A deadly explosion at Istanbul’s Sultanahmet Square claimed the lives of ten civilians and wounded fifteen others. Casualties included local citizens as well as visitors from Norway and Germany. The site, which is located in a central section of Istanbul, is a popular destination for tourists due to its concentration of ancient and modern Turkish historic landmarks.
Istanbul officials closed the area to local traffic to enable investigations into the explosion. While there is still no official word regarding the provenance of the attacks, speculation about the identity of the organizers of this latest incident point to groups who have been active in Turkey in the recent past. According to The Telegraph, during a late morning press conference, Turkish president Recep Tyyish Erdogan stated his belief that the explosion was carried out by a Syrian suicide bomber whose name has not been released and has only been identified as a male born in 1988.
In the wake of the attack, The Turkish Radio and Television Supreme Council placed a ban on images of the aftermath of the explosion. Oral reports and written accounts were the only coverage allowed in the hours that followed, according to the The Telegraph.
Ece Toksabay, a Reuters correspondent in Ankara cited two Turkish officials who stated that the explosion in Istanbul was most likely the work of a militant group. This speculation is not with historic precedent. In October of 2015, PKK, a Kurdish militant group, were implicated in an attack on a peace rally that ended with 100 dead and 240 people injured. Islamic State has also been an active cause for concern. According to Fadi Hakura, an associate fellow at Chatham House, an international affairs think tank in London, “The Islamic State has been unhappy with Turkey’s cooperation with the United States.”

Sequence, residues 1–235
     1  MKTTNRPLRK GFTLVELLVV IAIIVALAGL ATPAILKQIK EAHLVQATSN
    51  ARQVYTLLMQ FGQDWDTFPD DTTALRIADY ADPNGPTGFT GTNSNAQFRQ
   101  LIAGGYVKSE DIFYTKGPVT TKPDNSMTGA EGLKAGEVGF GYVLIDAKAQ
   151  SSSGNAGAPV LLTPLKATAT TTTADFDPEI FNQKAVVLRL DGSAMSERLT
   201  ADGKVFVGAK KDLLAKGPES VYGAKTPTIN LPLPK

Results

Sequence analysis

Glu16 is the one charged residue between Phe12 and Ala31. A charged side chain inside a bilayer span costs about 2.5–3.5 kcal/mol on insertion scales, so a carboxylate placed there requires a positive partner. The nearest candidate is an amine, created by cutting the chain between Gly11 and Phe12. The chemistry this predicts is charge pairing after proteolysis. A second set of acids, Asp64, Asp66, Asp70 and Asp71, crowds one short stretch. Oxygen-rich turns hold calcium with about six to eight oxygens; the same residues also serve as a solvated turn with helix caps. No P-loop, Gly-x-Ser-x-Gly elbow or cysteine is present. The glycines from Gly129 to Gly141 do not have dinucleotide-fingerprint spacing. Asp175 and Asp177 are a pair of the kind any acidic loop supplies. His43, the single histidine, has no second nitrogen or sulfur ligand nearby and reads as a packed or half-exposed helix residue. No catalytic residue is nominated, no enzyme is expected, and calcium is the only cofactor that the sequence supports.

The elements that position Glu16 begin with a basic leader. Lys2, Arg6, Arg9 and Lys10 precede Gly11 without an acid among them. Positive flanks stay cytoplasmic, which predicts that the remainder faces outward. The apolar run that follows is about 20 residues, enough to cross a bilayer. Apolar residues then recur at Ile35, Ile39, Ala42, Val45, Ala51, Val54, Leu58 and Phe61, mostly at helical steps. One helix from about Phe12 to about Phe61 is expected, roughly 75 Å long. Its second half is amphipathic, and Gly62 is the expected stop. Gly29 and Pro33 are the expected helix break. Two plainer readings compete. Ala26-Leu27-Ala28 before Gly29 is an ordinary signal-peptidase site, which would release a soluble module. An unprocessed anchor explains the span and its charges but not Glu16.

In the minds of many, the location of the attack, as well as the targeted population and timing point to ISIL as the responsible party. Sultanahmet Square is the location of a number of sites that are of interest to international visitors to Istanbul. The famous Blue Mosque, the Hippodrome of Constantinople, and the Hagia Sophia are among the points of interest that attract visitors from all over the world. A report from Reuters places the explosion near an Istanbul city tram and the Dikilitas Obelisk of Theodosius at a time when groups of tourists were likely to be walking around.
If ISIL is behind the latest attack, it will not be the first time the group’s activities have been linked to locations of historic importance. In August of last year, members of ISIL murdered Khaled al-Asaad, a preeminent archaeologist and scholar, at Palmyra, and ancient city dating back to the neolithic period, that was registered as a UNESCO World Heritage Centre. The destruction of many of the features at Palmyra were determined to be both political and strategic in nature. Reports suggest that many of the smaller artifacts were already sent to other locations to keep them safe from being looted from museums and labs and sold. The bigger, more political statement made by the destruction of archaeological features suggests that such monuments will not be tolerated by ISIL.
The identities of the victims have not been released by the Istanbul police, but various sources have stated many of the casualties were from Germany.
“International terrorism has shown its ugly face,” said German chancellor Andrea Merkel. “We need to act decisively against it.”
Meanwhile, expressions of outrage at the violence and support for Turkey and the countries whose citizens were caught in the explosion have come from across the European Union and officials from international organizations.
Additional reports cite six German nationals among the injured and at least one Norwegian, one South Korean, and one Peruvian tourist among the casualties of the morning explosion in Istanbul.
[Photo by Lefteris Pitarakis/AP Images]